This time, a boy behind Reed gives him a “boost” (that’s what the kids call it). As far as I can tell, that means he got a well-intentioned lift in the air. In addition, Reed happened to have a pencil in his pocket. This is the set of facts that let to us being in our 2nd hospital and 6th hospital room of the night.

Tessa, not even sitting near her brother, Tessa was the one who somehow made the bus driver stop within about 20 seconds, by the time the bus was at the bottom of the hill. I’m guessing this is where the misreport happened. The emergency was primary; an accurate assessment was secondary. And that’s OK with me.


It’s nearing midnight, and a nurse at Children’s Hospital come to tell us our son is done with surgery and he’s fine. The pediatric trauma surgeon later fills us in.

She had to explore the abdomen prior to extracting the pencil to see what damage it may have done Unfortunately, it did pierce through the muscle wall and perforate the large intestine. And unfortunately, there were about 4 inches of pencil inside his belly. Fortunately, his body had already begun to fight off the invader by sealing off the breached areas. He won’t be going home tonight, but he will be going home soon.

freak accident pencil

Now that the pencil is out, we just need to deal with antibiotics and pain management.


I stay the night and much of today in the hospital. This was my view of my family as I left to freshen up.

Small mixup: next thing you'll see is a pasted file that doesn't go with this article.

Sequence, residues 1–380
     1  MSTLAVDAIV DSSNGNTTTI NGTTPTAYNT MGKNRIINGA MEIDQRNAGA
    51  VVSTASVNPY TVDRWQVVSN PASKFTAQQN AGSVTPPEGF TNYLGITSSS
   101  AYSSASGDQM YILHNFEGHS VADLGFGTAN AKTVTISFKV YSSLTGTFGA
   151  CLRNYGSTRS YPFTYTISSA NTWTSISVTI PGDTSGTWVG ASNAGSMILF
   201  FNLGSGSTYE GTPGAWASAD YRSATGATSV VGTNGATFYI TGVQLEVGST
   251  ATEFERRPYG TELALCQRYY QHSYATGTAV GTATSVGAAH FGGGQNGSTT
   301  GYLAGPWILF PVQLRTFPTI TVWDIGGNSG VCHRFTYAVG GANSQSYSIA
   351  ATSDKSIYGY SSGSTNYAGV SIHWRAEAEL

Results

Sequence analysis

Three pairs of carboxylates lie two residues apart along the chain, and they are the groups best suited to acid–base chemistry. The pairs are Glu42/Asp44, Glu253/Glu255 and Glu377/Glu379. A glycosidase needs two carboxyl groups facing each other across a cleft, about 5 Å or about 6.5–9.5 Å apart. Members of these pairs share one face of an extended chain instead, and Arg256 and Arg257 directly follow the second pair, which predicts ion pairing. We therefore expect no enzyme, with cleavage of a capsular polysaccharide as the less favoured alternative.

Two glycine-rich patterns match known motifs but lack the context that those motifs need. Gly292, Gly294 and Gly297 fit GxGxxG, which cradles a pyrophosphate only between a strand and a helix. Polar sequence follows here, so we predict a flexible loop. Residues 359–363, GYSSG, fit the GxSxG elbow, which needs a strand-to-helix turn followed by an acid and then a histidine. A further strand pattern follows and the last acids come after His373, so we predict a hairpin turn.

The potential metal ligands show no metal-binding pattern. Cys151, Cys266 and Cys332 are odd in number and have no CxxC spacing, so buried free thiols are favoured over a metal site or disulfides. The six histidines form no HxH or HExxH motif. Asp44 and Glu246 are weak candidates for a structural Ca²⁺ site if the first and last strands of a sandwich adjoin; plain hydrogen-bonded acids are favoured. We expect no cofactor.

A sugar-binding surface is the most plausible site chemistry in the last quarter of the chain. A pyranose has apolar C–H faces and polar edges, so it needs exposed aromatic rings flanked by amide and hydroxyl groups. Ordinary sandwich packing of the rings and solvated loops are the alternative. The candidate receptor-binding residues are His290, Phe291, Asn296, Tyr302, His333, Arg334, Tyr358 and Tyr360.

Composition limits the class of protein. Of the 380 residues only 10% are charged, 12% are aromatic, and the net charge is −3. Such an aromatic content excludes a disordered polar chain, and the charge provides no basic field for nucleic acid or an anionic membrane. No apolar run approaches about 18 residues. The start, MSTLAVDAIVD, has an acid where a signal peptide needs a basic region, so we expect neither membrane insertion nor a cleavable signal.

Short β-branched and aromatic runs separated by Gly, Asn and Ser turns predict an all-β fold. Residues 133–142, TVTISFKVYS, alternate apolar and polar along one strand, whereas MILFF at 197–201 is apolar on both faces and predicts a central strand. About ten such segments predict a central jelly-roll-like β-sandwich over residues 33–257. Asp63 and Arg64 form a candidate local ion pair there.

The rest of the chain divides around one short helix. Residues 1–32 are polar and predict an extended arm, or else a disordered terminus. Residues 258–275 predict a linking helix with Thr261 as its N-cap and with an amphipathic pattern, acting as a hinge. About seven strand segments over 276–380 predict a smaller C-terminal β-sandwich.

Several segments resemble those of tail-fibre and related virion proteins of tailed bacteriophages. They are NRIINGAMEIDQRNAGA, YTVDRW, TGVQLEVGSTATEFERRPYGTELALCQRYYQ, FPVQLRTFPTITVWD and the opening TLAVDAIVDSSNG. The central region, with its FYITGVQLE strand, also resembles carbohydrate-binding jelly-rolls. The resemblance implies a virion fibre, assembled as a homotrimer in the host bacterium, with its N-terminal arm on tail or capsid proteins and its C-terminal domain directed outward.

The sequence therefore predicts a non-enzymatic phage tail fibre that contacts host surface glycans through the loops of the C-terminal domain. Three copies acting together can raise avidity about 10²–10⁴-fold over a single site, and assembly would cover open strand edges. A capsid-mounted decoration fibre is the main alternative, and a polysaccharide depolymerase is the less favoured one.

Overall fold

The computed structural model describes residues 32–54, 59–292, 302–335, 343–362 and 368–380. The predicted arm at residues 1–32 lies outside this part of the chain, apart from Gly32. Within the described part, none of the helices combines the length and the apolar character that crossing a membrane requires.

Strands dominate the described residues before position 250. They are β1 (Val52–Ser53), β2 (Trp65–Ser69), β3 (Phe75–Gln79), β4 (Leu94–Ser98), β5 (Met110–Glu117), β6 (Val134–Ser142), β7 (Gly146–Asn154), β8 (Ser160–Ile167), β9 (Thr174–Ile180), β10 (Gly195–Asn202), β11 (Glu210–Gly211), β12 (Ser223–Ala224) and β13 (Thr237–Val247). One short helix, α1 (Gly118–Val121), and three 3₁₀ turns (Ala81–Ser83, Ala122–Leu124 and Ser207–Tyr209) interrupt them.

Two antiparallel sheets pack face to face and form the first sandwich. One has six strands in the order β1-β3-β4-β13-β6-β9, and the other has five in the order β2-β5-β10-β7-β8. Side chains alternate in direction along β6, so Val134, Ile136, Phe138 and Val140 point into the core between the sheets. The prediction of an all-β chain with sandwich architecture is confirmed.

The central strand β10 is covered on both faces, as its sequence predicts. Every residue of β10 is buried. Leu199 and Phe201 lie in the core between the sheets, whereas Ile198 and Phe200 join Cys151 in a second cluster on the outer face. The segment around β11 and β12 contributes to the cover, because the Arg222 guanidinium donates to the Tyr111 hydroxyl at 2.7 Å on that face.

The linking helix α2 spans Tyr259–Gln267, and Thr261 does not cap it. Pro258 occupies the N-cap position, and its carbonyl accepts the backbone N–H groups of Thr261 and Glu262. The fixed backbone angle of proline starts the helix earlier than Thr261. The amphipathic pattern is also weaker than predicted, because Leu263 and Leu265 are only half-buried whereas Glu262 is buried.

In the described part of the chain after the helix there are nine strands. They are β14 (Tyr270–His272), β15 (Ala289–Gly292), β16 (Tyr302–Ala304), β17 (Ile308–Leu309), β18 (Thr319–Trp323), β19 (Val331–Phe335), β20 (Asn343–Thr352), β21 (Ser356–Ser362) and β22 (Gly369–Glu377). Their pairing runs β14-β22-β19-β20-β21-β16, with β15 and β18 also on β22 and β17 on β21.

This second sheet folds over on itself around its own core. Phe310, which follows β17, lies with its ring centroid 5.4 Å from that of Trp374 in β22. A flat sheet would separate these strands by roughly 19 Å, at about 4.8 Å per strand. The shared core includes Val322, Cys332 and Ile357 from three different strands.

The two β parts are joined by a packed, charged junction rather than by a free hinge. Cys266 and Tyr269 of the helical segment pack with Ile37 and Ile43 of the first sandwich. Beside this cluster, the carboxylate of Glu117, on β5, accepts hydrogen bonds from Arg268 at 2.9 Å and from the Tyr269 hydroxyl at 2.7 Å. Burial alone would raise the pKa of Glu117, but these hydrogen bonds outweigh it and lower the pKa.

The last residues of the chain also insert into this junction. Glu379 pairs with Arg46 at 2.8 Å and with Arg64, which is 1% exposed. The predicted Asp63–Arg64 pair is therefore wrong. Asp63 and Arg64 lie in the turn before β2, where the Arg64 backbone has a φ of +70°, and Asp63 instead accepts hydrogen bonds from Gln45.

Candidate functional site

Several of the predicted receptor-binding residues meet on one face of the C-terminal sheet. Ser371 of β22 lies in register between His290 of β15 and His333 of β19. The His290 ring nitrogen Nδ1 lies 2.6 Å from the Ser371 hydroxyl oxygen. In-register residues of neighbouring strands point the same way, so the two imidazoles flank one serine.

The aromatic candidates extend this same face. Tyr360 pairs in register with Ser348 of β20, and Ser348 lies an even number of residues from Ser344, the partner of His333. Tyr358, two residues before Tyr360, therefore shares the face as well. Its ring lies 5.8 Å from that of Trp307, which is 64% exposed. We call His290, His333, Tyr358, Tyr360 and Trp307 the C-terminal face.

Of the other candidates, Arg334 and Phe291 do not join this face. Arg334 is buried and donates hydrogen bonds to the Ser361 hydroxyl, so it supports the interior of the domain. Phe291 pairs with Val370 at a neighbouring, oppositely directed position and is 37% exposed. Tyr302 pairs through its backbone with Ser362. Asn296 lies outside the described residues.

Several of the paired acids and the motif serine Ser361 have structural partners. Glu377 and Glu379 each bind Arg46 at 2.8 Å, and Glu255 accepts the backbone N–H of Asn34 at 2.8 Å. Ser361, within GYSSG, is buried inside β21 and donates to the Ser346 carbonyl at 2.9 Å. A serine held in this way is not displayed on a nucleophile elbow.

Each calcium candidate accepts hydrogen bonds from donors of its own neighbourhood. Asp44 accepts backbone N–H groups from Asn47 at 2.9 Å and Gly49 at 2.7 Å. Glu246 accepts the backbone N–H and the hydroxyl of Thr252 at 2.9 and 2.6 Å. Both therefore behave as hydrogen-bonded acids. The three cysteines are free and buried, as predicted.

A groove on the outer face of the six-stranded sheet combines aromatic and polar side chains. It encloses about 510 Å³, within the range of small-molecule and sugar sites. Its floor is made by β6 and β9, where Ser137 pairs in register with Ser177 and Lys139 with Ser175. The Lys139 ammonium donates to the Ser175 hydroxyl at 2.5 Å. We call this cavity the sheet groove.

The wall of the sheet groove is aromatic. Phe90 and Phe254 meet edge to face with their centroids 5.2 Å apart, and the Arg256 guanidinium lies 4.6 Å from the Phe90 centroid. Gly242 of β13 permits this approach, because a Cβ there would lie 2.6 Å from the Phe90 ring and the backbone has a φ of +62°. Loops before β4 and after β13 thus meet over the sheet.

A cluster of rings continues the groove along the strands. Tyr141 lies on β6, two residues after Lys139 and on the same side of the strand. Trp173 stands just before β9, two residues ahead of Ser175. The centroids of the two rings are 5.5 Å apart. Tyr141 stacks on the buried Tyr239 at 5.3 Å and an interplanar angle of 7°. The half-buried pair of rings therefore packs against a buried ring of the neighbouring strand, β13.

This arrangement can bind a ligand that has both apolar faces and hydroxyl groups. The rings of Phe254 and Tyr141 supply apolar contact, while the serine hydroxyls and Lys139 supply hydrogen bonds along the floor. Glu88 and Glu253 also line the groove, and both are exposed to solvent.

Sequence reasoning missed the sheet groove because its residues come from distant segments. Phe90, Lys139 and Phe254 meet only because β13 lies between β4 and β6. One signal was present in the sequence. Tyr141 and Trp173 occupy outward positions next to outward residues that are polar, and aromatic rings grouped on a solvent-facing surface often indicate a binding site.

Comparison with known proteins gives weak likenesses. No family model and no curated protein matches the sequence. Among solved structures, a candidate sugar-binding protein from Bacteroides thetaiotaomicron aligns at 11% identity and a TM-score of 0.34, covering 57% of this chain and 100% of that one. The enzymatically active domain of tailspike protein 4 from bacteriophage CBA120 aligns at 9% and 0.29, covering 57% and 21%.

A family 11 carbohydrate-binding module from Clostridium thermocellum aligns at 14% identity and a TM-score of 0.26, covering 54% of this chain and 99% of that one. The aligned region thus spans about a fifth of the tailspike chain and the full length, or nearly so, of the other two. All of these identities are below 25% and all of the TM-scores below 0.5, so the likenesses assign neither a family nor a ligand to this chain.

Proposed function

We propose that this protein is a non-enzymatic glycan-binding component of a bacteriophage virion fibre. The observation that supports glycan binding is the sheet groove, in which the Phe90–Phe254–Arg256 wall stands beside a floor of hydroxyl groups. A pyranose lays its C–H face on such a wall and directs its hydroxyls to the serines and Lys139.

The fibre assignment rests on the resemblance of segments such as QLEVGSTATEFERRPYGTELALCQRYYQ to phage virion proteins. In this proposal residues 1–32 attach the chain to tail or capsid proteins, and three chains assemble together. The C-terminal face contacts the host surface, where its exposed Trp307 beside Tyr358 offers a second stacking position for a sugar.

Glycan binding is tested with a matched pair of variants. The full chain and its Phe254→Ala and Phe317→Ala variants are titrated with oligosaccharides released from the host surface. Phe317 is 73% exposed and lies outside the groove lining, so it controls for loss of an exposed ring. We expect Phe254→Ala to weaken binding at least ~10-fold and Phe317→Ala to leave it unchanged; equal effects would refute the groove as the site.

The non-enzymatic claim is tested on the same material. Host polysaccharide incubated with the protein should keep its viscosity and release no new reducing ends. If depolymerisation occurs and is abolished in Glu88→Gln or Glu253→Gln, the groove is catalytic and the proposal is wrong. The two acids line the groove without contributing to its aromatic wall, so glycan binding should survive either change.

freak accident hospital

I’m tired and hungry and stinky and off to nap, eat, and shower, not necessarily in that order.

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35 thoughts on “Freak Accident”

  1. Oh Lori,
    Sending heartfelt wishes for a quick recovery and a chance to get a good night’s sleep before too long. Hurray for Tessa, who sounds like the best sister possible, and for Reed–what a trouper.

  2. OMG!!! I can’t even begin to imagine what you went through! I hope he recovers quickly and that you buy him a hard sided pencil case to carry in his bag!

  3. You are so correct, no one wants to hear those words or see their child endangered. I am so glad that things have progressed well so far. I will send lots of prayers and positive, healing energy his way.

  4. Lori,what a freak accident! So glad he’s okay and that there was nothing malicious to worry about. He’ll be telling that story for the rest of his life! I’m sure it was terrifying at the time though – for you all. Sending hugs.

  5. My heart is on my throat from this. I’m glad surgery went well, but all of this is terrifying. I’m so sorry Lori. Thoughts and love to you and your family during this time.

  6. Oh Lori,

    Oh Lori. That’s all I can say. Thank God he is okay, but I know how deeply to your bones scary that is. I know how wonderful you are at breathing and self care and I hope that all of that wonderful energy surrounds you as you and your family regain your equilibrium.

    So so so sorry this happened. My heart truly is with you and your family tonight.